Perhaps he brought her home even as you imagined yours to be a love nest? Perhaps you were assailed by her disapprobation even as you dated — and you married him despite her. Perhaps he turns into a wuss when his mother is around. A pushover, and you resent her for it. (Strangely, not him.) Perhaps he makes it seem that loving her and loving you are mutually exclusive. And he’s torn. Perhaps you carry the baggage of your mother’s suffering and never gave his mother a chance…
His mother. Possibilities abound; the crux remains — you are reluctantly related.
It starts right at the beginning. You love him and in your bid to win his approval on every front, seek appreciation from the one he holds highest in esteem. She, meanwhile, has been a helicopter mom — hovering always, overprotective. Now, he’s “going away” and she’s anxious. That he’s dismissed her naysaying instills in her a nagging fear of being permanently dethroned… Little surprise then that she rejects you. Assesses you continually and conspicuously. Critically, I might add. She feels under attack and acts on the defensive. What’s your excuse?
Look around; the one you are fighting over is oblivious and, for most part, dismissive. The most distinguished men play victims in this domestic dilemma. Unbeknownst to them, in most cases, they cause the crisis. Loving your wife and making her feel needed, and concurrently reassuring your mother and making her feel needed are not mutually exclusive. There is no betrayal in loving both, reassuring both and being sympathetic to both. On the rare occasion that you have this clarity there sits a peaceful home and a strong family unit. But most, if not all, men are inadequate for the task. Unable to balance multiple ‘affection centres’ they cause deepening resentment. And since emotional-conflict-resolution is to stonewall, unhappiness prevails.
And yet, know this: He’s not being aloof. He’s dealing with it, as he knows best. Expressing anything less than laudatory is betrayal in his book. As is participating in an opinionated conversation. So, even if he grew up thinking (suppressing) mother was overbearing, he’d never express it, and if you verbalise it, he’d be hurt. Not because it’s a wanton lie but because it’s a truth he cannot bear. Women, meanwhile, are open to criticism and critiquing. We air opinions without allowing our ‘core belief’ of anyone/anything to get affected. Open to your parents’ “faults”, you’d warn him of oddities. And, if he then cagily confesses to something you’ll probably laugh it off and fuss over him, and even cajole your parents to go easy.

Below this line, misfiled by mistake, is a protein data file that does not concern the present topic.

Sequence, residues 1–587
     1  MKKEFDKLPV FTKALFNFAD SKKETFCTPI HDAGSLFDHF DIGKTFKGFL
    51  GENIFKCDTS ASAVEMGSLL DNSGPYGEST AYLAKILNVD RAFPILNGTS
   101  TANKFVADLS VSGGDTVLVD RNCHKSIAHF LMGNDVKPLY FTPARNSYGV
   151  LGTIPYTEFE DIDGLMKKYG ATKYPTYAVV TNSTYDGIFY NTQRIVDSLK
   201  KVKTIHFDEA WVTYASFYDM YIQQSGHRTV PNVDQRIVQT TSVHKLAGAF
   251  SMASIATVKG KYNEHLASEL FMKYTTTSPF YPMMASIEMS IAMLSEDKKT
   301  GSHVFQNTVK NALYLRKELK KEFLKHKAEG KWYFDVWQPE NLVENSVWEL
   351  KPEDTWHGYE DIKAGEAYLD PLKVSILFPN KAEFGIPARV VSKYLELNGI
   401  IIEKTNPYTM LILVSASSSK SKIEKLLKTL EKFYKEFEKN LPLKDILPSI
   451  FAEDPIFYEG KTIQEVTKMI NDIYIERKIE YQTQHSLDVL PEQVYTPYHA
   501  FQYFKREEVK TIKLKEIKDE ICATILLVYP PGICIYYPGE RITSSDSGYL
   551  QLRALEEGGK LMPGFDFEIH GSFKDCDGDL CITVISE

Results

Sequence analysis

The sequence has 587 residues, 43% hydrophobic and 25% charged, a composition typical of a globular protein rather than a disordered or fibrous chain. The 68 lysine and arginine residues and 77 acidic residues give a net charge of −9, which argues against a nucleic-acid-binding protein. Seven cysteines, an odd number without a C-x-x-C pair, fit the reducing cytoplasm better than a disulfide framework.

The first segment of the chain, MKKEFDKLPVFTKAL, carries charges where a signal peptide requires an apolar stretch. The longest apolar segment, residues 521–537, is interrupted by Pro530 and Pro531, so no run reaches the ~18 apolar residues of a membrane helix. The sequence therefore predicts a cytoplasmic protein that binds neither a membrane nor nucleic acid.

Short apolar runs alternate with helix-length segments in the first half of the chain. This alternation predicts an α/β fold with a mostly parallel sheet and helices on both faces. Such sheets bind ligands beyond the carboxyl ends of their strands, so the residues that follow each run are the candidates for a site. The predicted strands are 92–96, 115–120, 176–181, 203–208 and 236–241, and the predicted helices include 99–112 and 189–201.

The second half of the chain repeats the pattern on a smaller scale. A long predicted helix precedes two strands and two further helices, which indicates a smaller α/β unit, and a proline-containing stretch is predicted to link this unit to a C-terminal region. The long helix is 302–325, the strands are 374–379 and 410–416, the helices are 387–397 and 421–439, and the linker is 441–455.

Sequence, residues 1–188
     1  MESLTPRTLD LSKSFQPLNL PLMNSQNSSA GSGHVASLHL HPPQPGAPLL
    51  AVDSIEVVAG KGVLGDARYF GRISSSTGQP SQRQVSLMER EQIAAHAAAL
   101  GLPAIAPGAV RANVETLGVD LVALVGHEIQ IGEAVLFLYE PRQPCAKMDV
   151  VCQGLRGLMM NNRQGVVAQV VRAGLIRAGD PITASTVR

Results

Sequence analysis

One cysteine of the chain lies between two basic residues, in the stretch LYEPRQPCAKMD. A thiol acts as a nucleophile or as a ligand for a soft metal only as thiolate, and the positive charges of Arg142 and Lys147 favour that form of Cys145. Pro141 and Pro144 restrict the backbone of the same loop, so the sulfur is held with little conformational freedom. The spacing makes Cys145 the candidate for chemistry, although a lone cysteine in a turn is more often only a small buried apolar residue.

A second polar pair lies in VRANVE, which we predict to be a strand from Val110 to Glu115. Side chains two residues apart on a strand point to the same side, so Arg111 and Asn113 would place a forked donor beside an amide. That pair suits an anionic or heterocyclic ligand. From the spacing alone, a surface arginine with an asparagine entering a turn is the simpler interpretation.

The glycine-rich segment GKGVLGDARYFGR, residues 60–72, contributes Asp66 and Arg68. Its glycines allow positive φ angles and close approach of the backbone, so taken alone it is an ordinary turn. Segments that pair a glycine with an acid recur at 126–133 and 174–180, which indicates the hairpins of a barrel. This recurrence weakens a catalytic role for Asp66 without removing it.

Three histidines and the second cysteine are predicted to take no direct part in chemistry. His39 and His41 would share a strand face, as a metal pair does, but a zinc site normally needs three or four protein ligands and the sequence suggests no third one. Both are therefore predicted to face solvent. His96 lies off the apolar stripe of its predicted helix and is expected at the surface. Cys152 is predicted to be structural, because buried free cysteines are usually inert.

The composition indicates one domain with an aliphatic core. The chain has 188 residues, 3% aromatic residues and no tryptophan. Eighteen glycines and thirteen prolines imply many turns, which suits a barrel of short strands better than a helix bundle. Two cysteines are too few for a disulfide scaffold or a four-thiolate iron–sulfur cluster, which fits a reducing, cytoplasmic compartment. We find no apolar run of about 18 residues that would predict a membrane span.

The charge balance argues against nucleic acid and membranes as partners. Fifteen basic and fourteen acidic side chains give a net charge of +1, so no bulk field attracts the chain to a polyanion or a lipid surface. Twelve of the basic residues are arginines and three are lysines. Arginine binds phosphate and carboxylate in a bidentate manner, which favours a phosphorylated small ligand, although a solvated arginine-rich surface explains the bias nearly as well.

You manage affection centres adroitly; he isn’t wired such. Now what? Isn’t it time you fix this. You caused it; he merely contributed. You chose to fall into the very trap you accuse your mother-in-law of: Insecurity. He married you. You bear his last name. Why then insecure? And that too of the most fundamental relation. If he likes his mother’s cooking, why is it so unpalatable? How about joining the feast… Must every banal detail be elevated to being the Armageddon. Since when did you qualify her a threat? And why is your sense of self so limited it sparkles only in comparison. I raise kids better. I keep the house better. I cook better. I look after you better…
Stop! Why does he love you? Not because his mother isn’t good enough. He loves you for you. And everything you love about him is her upbringing. Everything you don’t? How about dealing with it as you deal with your mother’s tiresomeness. How can you allow something so routine, so easily manageable, to eclipse your life…. Each time you shake your head and say you’ll never be like her, you confirm the reverse. Otherwise you’d brush aside her fears — for she feels replaced — by making her feel relevant. Included. Family?
Let’s go back to the beginning. Plug that dire need for validation. Why must his best friend dote on you or even his mom? Why can he not have a world where you are welcome, but where he can recede minus you — just as you go to your mum’s / your sister’s / your best friend’s place? Why is a girl’s holiday kosher and a boy’s night out blasphemous. Are we this duplicitous? Certainly not (we are worse). But let’s start by pretending. Ship him off to his mom’s for lunch today. And have a good time while he’s away. Help him love you.
Nupur Mahajan is a sum of many parts. Ideas are her business even as her creative streak sees her straddle television, advertising, publishing, radio and brands. Reach her at firstname.lastname@example.org